Configuring and managing my Surface Pro X using Windows AutoPilot, Microsoft Intune and Configuration Manager (Hybrid AAD Join and other configs explained)

Introduction

This is not a traditional walk through of a specific technical topic. It’s rather a story about setting up my new Surface Pro X device, making it work with AutoPilot, Intune and ConfigMgr in a Hybrid AAD Join deployment.

You don’t per say have to own a Surface Pro X device in order to benefit from the content in this post. However, as the Surface Pro X ships with an ARM processor, it makes for some unique situations and experiences.

During the post, I will deep dive some of the technical aspects of Hybrid AAD joining the device, as this has a lot of moving parts and dependencies in order to work.

Additionally, this process was not completely without obstacles. I’m not sure if these obstacles are working as intended or not, but I failed to get Co-management work loads to work properly, as well as seeing weird things happening if applying the Security Baseline for Windows. More on that throughout the post. 🙂

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Back to basics: Deploying applications with Custom Global Conditions in Configuration Manager

Introduction

This past week I went back to basics with Configuration Manager, as I was working with some applications where I needed the deployments to behave differently based on various factors.

Some may resort to creating individual applications or even packages for each specific need, but there are more clever ways of doing it.

For instance, in this specific case, I had different sets of binaries to be used, varying based on the architecture of Office 365 ProPlus installed. I also wanted something different to happen, whether the installation was happening with a task sequence or not.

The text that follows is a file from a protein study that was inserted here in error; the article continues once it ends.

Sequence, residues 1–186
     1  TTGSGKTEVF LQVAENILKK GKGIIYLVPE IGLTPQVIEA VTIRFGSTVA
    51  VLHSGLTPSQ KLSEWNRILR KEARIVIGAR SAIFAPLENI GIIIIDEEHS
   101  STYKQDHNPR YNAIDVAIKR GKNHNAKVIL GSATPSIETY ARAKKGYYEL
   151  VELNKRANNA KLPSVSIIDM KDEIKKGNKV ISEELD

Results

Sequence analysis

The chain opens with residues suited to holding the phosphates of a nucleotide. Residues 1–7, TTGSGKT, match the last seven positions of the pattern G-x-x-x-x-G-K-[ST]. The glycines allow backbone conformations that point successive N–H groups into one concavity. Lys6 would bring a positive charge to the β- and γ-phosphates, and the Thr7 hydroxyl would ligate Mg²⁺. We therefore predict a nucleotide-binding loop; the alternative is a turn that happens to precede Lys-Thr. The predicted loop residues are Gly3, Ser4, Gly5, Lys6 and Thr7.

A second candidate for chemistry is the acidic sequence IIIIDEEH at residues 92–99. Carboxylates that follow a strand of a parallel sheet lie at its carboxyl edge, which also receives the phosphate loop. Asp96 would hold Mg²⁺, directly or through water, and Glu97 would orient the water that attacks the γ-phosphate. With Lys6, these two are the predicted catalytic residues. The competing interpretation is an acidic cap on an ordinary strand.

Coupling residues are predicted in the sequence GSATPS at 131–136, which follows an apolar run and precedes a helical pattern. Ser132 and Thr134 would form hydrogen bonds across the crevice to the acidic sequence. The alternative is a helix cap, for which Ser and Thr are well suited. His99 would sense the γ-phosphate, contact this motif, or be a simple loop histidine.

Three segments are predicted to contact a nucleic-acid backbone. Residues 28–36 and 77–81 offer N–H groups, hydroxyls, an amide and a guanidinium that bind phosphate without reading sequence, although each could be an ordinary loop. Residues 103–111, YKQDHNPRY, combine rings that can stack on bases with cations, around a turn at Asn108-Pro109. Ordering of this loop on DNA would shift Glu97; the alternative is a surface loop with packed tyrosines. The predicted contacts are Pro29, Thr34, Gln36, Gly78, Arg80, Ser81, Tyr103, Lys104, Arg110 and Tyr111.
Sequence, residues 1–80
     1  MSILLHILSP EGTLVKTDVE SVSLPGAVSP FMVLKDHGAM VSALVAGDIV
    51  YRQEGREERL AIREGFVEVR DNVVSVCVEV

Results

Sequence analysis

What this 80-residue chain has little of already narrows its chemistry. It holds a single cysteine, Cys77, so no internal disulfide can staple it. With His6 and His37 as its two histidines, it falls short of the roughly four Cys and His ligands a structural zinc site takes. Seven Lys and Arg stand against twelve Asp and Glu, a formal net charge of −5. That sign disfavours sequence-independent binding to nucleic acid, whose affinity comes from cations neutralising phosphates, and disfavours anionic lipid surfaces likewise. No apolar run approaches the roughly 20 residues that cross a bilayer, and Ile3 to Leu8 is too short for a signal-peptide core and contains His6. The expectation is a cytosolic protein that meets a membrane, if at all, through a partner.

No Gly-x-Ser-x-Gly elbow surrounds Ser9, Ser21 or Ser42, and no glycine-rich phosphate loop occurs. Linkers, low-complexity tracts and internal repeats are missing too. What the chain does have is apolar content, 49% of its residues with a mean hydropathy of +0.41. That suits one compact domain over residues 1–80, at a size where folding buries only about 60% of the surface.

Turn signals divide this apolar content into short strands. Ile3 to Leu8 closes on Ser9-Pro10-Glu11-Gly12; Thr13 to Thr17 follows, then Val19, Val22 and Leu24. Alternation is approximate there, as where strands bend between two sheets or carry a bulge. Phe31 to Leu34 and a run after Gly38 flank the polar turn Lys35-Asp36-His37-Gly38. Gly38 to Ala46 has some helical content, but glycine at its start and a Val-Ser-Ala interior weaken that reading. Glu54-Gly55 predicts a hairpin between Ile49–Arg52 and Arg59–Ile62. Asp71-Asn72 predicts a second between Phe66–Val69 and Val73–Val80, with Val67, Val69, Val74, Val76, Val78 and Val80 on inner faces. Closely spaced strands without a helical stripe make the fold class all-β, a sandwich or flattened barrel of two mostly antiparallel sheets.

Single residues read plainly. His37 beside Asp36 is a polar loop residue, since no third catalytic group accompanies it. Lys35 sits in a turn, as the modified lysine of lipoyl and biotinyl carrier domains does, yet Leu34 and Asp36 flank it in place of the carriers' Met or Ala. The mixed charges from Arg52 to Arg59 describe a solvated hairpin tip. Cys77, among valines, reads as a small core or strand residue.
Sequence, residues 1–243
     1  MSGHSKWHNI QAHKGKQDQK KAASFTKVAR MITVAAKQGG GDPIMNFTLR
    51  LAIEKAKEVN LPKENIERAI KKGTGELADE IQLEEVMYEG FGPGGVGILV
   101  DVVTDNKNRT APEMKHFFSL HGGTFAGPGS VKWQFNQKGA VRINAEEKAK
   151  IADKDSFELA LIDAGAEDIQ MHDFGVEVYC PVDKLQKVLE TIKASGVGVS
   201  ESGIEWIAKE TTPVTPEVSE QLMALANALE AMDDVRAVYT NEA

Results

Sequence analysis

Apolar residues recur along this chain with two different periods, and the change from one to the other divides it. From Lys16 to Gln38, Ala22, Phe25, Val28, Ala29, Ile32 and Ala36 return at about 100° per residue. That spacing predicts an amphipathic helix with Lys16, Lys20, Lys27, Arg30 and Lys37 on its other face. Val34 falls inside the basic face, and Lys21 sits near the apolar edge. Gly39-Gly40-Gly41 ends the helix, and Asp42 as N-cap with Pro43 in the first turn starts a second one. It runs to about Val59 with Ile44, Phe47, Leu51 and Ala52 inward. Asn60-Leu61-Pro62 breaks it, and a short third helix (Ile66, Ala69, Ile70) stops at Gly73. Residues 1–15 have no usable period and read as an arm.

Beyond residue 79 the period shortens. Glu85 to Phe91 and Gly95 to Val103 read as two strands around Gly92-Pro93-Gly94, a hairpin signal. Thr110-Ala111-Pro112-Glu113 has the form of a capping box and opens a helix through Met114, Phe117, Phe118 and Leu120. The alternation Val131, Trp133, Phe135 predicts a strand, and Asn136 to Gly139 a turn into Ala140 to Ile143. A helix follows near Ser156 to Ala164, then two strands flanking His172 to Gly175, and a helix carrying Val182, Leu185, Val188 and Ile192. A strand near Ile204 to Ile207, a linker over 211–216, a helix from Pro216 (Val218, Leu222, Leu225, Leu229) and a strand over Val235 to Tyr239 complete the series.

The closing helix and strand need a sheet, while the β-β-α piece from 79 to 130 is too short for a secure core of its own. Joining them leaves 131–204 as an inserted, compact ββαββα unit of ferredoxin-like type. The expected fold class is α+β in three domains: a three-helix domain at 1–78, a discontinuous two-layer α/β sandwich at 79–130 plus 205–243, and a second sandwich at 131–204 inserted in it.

So again, this is something a single Application in combination with the proper Global Conditions can cater for. No need to create several Applications or Packages. Curious? Continue reading 🙂

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Windows as a Service: Detecting AlwaysOn VPN and LTE connectivity with Powershell and Powershell App Deployment Toolkit

Introduction

This post is long overdue and something I originally considered doing when I explained my Windows as a Service process.

The story is, that I allow In-Place Upgrades with Configuration Manager to happen over the Internet and over VPN. While I do allow upgrades over VPN, I still prefer them happening on local network and I certainly doesn’t want them to happen over LTE.

I use Powershell App Deployment Toolkit to initiate the Windows 10 In-Place Upgrade Task Sequence, and I wanted to add more user-friendliness to the experience, by notifying the end-user about possible VPN and LTE connections.

Note #1: LTE connectivity can be prevented altogether in the Client Settings, but I’m not doing that for various reasons. 🙂

Note #2: I do precache everything prior to making the upgrade available. Therefore download of binaries should be limited to zero, though the connection to the site server is still needed, as well as connection to the domain (depending on what you are doing throughout your task sequence).